Even so, without an unexpected landslide in the south, Allawi is unlikely to become prime minister. He will need 163 seats out of 325 to govern, and there is probably no way for his coalition to deliver them. Even leading lists will likely get less that 100 seats, and so will need post-election coalition partners. That small parties willing to ally with Allawi would have as many as 75 seats to deliver to him seems unlikely. So he’d have to deal with the big three–the State of Law, the National Iraqi Alliance, and the Kurdistan Alliance (or the Kurdistan parties generally). But they might well decline to deal with him, and could seek to exclude him instead.
Al-Maliki’s State of Law list campaigned hard against the resurgence of Baathism, and Allawi and many on his list are ex-Baathists, so al-Maliki would have to eat a lot of crow to accept a junior position in an Allawi government. It seems unlikely, even if politics makes for strange bedfellows.
The Shiite religious parties grouped in the National Iraqi Alliance are said by the exit polls (for the little they are worth) to be coming in third. They are also highly unlikely to ally with Allawi, since he is an old-time CIA asset and ex-Baathist whose interim government was hostile to the Shiite religious authorities and to Iran.
Allawi appears to be attracting strong support in Ninevah Province in the north, which returned an Arab nationalist party in the provincial elections of 2009. Ninevah has a Sunni Arab majority and a Kurdish minority, but the Kurds had been dominant in provincial government and the security forces because the Sunnis had sat out the provincial elections of January 2005. There is very bad blood between the Arabs and Kurds in Ninevah.
So Allawi will find it difficult to ally with the Kurds while keeping his Sunni Arab nationalist base. (Update: I incorrectly said earlier that it takes two thirds to elect a president, but this rule was changed so that it is only on the first try; if parliament cannot elect a president by 2/3s, it can do so on the second ballot by 51 percent. That this is so strengthens my argument that the Shiites and Kurds could outmaneuver Allawi.)
Whereas the numbers don’t easily add up for Allawi, it seems likely that the State of Law, the Shiite fundamentalist parties of the NIA, and some smaller parties willing to join the two of them, could easily get to over 163, and they have a proven ability to work with the Kurds and independents.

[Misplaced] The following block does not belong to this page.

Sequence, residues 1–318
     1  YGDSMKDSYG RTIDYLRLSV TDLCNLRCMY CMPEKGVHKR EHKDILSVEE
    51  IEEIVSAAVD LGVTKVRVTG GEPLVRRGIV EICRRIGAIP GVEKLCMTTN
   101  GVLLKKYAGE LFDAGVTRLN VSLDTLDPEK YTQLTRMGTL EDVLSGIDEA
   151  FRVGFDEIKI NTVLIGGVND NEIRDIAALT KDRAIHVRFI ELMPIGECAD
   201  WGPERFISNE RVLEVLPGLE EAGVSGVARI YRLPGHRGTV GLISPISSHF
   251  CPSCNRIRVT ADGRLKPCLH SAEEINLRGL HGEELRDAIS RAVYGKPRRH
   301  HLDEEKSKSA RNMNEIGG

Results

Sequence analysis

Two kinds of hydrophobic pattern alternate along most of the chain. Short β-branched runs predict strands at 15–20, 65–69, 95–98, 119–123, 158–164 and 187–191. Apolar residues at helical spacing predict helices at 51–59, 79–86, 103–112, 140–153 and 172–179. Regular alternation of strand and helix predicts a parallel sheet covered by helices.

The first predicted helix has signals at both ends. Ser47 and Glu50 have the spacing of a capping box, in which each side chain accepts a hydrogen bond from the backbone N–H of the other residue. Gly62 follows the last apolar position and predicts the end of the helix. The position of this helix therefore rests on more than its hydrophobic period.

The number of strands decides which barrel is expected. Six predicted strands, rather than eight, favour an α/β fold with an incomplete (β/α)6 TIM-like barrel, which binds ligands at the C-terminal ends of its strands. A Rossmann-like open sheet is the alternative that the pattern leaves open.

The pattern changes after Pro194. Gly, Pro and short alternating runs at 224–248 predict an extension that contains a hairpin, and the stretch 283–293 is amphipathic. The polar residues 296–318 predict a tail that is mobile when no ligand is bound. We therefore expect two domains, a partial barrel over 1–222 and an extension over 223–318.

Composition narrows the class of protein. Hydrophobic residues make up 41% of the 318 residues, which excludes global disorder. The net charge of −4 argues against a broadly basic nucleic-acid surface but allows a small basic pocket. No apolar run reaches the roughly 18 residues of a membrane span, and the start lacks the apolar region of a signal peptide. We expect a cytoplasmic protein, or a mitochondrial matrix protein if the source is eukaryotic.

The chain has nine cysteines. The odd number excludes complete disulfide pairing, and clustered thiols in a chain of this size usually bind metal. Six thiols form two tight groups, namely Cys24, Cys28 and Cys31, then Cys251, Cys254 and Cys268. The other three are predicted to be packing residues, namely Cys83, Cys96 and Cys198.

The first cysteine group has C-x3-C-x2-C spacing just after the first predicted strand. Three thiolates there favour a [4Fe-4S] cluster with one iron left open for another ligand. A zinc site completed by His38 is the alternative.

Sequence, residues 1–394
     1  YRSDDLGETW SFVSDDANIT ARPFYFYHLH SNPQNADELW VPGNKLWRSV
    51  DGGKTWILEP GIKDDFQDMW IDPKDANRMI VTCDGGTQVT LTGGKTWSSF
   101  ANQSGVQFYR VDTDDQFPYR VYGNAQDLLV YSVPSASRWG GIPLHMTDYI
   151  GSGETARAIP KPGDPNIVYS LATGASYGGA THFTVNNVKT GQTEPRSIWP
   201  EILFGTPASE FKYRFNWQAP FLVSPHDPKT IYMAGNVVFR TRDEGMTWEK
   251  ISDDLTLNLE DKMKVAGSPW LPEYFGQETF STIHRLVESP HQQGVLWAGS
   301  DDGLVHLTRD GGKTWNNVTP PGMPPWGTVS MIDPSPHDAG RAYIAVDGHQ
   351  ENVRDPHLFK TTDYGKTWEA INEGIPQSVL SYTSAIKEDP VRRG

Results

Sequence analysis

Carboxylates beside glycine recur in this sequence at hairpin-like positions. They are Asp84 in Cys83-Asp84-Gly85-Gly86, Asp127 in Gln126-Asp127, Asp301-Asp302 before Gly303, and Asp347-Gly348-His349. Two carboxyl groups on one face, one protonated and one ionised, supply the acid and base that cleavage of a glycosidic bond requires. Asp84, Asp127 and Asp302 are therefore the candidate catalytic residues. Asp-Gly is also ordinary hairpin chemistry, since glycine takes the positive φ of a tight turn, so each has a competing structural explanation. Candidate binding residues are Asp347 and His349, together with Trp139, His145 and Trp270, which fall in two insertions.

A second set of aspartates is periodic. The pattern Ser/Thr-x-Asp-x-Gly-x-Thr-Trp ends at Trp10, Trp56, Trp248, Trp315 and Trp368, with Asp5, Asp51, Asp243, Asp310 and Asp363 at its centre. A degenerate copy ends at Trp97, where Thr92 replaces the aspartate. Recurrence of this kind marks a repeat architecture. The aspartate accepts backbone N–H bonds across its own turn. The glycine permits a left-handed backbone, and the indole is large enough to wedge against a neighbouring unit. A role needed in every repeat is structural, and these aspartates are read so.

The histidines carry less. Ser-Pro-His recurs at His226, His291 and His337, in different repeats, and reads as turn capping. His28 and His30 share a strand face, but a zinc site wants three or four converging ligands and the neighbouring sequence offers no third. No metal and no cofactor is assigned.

As I suggested Sunday, one price al-Maliki might have to pay to gain the National Iraqi alliance as a partner is to agree to accelerate the US troop withdrawal (a key demand of the Sadr faction in the NIA).
Whatever the outcome of the voting (and a projected result based on one-third of the votes is scheduled to be announced on Wednesday), it may not be easily accepted by the losers. There is tremendous anxiety in Iraq about the possibility of ballot fraud in the wake of Sunday’s parliamentary elections. The Iranian Arabic-language satellite station al-Alam reported on Sunday that the Shiite fundamentalist Sadr movement was alarmed to hear that ballot boxes were being transported from the provinces to Baghdad by US troops, and insisted that the US be kept away from those boxes. (They must have heard about Florida in 2000). Allawi is on Aljazeera complaining about irregularities. He didn’t say this, but campaigning continued through Sunday although it was supposed to be forbidden after Friday late afternoon. In Basra, al-Hayat reports that anti-Allawi pamphlets were dropped by helicopter on Saturday and Sunday.
Bottom line, another Allawi prime ministership is unlikely even if his list turns in strong performance.